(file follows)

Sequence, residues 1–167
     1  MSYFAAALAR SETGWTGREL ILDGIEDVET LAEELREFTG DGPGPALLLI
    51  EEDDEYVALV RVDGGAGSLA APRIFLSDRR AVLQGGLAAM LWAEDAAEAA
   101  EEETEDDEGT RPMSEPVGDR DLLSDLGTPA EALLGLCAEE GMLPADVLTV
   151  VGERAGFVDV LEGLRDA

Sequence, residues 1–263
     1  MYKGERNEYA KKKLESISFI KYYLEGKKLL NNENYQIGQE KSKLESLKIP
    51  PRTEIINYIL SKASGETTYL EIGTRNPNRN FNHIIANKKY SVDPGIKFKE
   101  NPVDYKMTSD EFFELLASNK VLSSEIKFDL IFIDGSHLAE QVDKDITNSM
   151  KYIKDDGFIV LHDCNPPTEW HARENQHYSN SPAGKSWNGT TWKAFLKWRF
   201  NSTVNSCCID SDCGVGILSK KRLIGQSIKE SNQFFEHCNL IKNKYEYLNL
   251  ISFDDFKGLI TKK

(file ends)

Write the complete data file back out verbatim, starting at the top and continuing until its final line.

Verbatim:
Sequence, residues 1–167
     1  MSYFAAALAR SETGWTGREL ILDGIEDVET LAEELREFTG DGPGPALLLI
    51  EEDDEYVALV RVDGGAGSLA APRIFLSDRR AVLQGGLAAM LWAEDAAEAA
   101  EEETEDDEGT RPMSEPVGDR DLLSDLGTPA EALLGLCAEE GMLPADVLTV
   151  VGERAGFVDV LEGLRDA

Sequence, residues 1–263
     1  MYKGERNEYA KKKLESISFI KYYLEGKKLL NNENYQIGQE KSKLESLKIP
    51  PRTEIINYIL SKASGETTYL EIGTRNPNRN FNHIIANKKY SVDPGIKFKE
   101  NPVDYKMTSD EFFELLASNK VLSSEIKFDL IFIDGSHLAE QVDKDITNSM
   151  KYIKDDGFIV LHDCNPPTEW HARENQHYSN SPAGKSWNGT TWKAFLKWRF
   201  NSTVNSCCID SDCGVGILSK KRLIGQSIKE SNQFFEHCNL IKNKYEYLNL
   251  ISFDDFKGLI TKK